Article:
How to develop research partnerships in India
Sheila MacNeil, Professor of Tissue Engineering in Materials Science and Engineering, has been working with her partner clinician Dr Virender Sangwen at the L.V. Prasad Eye Institute in Hyderabad India since 2012. Here is Sheila's quick guide to developing a successful research partnership.
Find a safe and responsible clinician champion
"You must have evidence of scientific quality and a personal recommendation. Look at who is publishing sound and recent academic papers. Good people in your specialism here will know good people in your partner country. You only get to lose your reputation once; proceed cautiously and slowly. Also, the best decision we made was to hire a regulatory consultant in India.
"I’d failed to find a UK partner who was interested and willing to work in this area with me. My Indian postdoc returned to her home for a holiday and via her father, a clinician, we found LV Prasad Eye Institute. Luckily there was a funding scheme that had started up, Wellcome Affordable Healthcare for India, and we applied to it."
Put a lot of time into communication
"You need to develop really robust relationships – visit, discuss, argue, fall out, pick yourself up, get back on with it – because things will go wrong and there needs to be real respect on both sides. Spend enough time in India with your new colleagues to really tune into the problems that are on the ground. They are often not the ones you expect. Make sure that what you’re proposing to develop is appropriate for India."
Be willing to change your focus
“I always come back from India feeling energised. What we do there has to be economical for the country and I’ve really tried to take on board the discipline of affordability. Research has got to be able to leave the lab door by engaging with end users – patients or clinicians. If our trials are successful, any eye surgeon will be able to do the procedure with an off-the-shelf membrane."
Appreciate what your new colleagues can offer
“Folk in India are unsinkable, no matter what red tape they hit. They are very enthusiastic but not unrealistic. That’s what I love about working in India. Genuine communication between clinicians and non-clinicians is more difficult than you think and not easy in UK (or India). My Indian clinical colleagues have been great for spending time with me. I’ve been able to sit down with them and ask the same questions several times to gain a real understanding of the actual problems.”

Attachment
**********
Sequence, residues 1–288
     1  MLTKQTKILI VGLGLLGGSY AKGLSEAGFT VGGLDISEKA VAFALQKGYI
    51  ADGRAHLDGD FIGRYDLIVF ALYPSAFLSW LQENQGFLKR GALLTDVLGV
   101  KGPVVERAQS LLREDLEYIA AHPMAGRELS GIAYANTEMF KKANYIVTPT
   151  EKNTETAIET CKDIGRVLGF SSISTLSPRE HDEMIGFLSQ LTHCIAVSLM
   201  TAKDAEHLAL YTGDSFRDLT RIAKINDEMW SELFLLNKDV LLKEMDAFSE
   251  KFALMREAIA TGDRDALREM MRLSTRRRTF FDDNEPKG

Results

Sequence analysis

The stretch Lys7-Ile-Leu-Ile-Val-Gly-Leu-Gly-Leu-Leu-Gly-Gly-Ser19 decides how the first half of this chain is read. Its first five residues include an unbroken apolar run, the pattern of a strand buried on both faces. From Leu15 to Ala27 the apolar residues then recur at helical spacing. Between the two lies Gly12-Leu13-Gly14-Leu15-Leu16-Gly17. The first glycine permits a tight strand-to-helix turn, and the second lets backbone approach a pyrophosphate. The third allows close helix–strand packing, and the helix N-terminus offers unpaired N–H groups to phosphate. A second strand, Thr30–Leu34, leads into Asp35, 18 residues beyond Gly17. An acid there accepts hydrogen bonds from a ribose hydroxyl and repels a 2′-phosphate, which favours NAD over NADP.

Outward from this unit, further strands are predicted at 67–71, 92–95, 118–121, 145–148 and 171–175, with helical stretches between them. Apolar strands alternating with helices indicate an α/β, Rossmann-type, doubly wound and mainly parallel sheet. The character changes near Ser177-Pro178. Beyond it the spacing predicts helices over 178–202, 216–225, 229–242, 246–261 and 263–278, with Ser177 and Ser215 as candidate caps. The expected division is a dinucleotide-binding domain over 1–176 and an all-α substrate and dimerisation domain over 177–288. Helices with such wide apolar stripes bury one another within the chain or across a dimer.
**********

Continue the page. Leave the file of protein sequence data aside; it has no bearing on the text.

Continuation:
Enjoy cultural differences
“There’s a fascinating idea in the research centre I work with in India called the Sight Savers Club. Wealthy people seeking treatment are asked if they can pay more and poorer people only pay what they can afford, even if that is nothing.
"Also, my colleague Tony Ryan explained the meaning of a particular headshake in India which means neither 'yes' or 'no' but simply 'I’m listening' - it’s delightful!”
Sheila is pioneering a new technique that offers an affordable way of treating damage to the cornea, the transparent layer on the front of the eye, which is one of the major causes of blindness in the world.
Currently patients with extensive scarring of the cornea can only be treated in specialist centres where cells from the unaffected eye are cultured and grafted back to the scarred eye using a human amniotic membrane (derived from donated placenta) to deliver them. While the success with this technique is good, there are less than 12 centres in the world, and only three in India, offering this technology to patients.
Sheila’s idea is much simpler. It combines two modifications to the existing technique. It substitutes a very thin biodegradable synthetic membrane for the donor human amniotic membrane currently used to deliver cells to the eye. And it uses tiny pieces of tissue taken from the unaffected eye to regrow a new cornea epithelium on the scarred eye rather than culturing patients corneal cells in clean rooms over several weeks.
“I love the people I’m working with in India, they’ve already got a pretty good solution to what they’re doing, but we think that by working together we can make it better, it’s a real synergy.”
The first technique eliminates the risk of passing on bacterial and viral infections and is much safer and more economical. The second idea of using small pieces of corneal tissue to regrow a new cornea has already been tested on amniotic membrane and indeed a new cornea will grow out from the tissue pieces over an eight-week period with the patient experiencing continual improvement over this time.
It has taken since 2012 but about six months ago Sheila and her team were given approval to work with 10 patients in a first in man clinical safety trial and they've now been treating one patient for four months.
Sheila says that the ultimate hope is that successful trials will go on to help millions of people to regain their sight following scarring of the cornea.
This project has already led to two others. Sheila's colleague Professor Steve Rimmer is leading on developing a low-cost bedside detection for infection in the eye. Their Indian partner says around 300 eyes could be saved every year with early detection. The third project is looking at ways to tackle antibiotic resistance in India by developing a treatment for infections that doesn’t use antibiotics.
If you have a question for Sheila, email her at firstname.lastname@example.org or call x 25995